ChatGPT, what the Privacy Guarantor and OpenAi said to each other

ChatGPT, what the Privacy Guarantor and OpenAi said to each other


To untie the knots on the management of data by ChatGPT is still too early. But the first meeting between the Italian Privacy Guarantor, which temporarily suspended the processing of information by the powerful conversational chatbot on Friday 31 March, and the startup that develops it, OpenAi, which responded by blocking access to the service for users del Belpaese, marks the start of negotiations to find a solution that safeguards user data in the algorithm training process. Because the company, as stated in a note from the guarantor, "undertook to strengthen transparency in the use of personal data of the interested parties, the existing mechanisms for the exercise of rights and guarantees for minors and to send to the guarantor within today a document that indicates the measures that respond to the requests of the authority ”. A sign that he wants to close the game quickly.

The CEO of OpenAi, Sam Altman, also took part in the opening. The President Pasquale Stanzione and the members Ginevra Cerrina Feroni, Agostino Ghiglia, Guido Scorza spoke for the board of the Guarantor. For the ChatGPT startup Che Chang, deputy general counsel of the US company, Anna Makanju, public policy manager and Ashley Pantuliano, associate general counsel.

The interview

In the hours immediately following the stop, OpenAi said it was available to collaborate with the Authority for the protection of personal data. On the other hand, what founder Sam Altman and his colleagues have intuited is that the move in Piazzale Venezia could unleash a domino effect, in Europe and beyond. So much so that after the halt of the Italian Guarantor, the first in the world to contest ChatGPT's lack of consent to the use of personal data for artificial intelligence training, other authorities raised their heads. Starting with Canada, which in turn launched an investigation against OpenAi for the collection, use and dissemination of personal data without consent. In France, Ireland and Germany the guarantors are studying the Italian dossier. Just like in Japan.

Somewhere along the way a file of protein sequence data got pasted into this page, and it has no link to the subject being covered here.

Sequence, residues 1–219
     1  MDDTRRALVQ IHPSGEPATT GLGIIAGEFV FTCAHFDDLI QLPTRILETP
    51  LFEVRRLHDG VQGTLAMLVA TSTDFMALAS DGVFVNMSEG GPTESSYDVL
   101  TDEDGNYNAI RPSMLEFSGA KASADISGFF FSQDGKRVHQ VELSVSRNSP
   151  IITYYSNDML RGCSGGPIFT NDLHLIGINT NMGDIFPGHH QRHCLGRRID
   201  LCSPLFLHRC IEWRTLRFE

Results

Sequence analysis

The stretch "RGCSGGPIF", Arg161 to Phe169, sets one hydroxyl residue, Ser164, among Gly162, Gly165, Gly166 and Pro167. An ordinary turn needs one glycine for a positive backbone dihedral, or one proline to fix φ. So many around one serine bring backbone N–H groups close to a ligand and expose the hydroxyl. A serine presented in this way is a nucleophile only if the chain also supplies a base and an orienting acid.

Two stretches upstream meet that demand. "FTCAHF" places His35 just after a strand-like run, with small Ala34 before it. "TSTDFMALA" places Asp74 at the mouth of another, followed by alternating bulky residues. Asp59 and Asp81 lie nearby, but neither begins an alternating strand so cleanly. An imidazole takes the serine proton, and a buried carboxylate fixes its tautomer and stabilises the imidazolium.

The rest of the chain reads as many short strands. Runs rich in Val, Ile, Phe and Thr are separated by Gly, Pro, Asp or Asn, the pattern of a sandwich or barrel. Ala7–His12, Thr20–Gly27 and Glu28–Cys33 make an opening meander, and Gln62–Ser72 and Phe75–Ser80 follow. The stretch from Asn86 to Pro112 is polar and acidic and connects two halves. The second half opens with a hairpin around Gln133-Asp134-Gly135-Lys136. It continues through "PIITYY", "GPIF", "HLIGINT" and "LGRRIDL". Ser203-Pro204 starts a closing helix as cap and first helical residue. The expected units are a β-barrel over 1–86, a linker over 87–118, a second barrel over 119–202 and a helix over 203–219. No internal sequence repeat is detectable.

The conversation between the top management of OpenAi and the board of the Italian privacy guarantor took place via videoconference. No practical conclusions and it was legitimate not to expect anything more. As mentioned, this is an interlocutory phase. OpenAi has twenty days from the communication of the provision of 31 March (a standard window, provided for by law) to respond to the objections raised by Piazzale Venezia and provide its counter-deductions or possible solutions. Under penalty of a fine of up to 20 million euros or up to 4% of the annual global turnover, as foreseen by the GDPR. But it wants to do it quickly, as evidenced by the willingness to send a document with its commitments already during the day, which the Guarantor will evaluate.

The company said it is convinced it is complying with the rules on the protection of personal data, but confirmed its willingness to collaborate with the Italian Authority with the aim of arriving at a positive solution to the critical issues identified by the Guarantor. " The Authority for its part underlined that there is no intention of putting a brake on the development of AI and technological innovation and reiterated the importance of respecting the rules aimed at protecting the personal data of Italian and European citizens ”, reads a note.

The disputes

At OpenAi, the Information Protection Authority, led by the president Pasquale Stanzione, has imposed a temporary block on data processing ( which resulted in the suspension of the chatbot for users located in Italy decided by the company) on the basis of four main reasons: lack of information on data processing; the absence of consent for the training of the algorithm; inaccurate results ; the absence of a filter to prevent anyone under the age of 13 from accessing ChatGPT.

The block concerns the use of the chatbot and in particular all the personal data that we give away, even involuntarily, when we question it . If I ask ChatGPT " Recommend me a recipe for a romantic dinner ", for example, I am leaking personal information that I give without having given explicit consent and that are processed, at least for now, only in the United States .

Another matter concerns GPT-3, i.e. the large-scale linguistic model underlying ChatGPT launched in 2020. It is a neural network which, based on 175 million parameters, generates a text word by word based on the instructions that are entered . In this case Microsoft, which is behind the project, provides the service through servers located in Europe.

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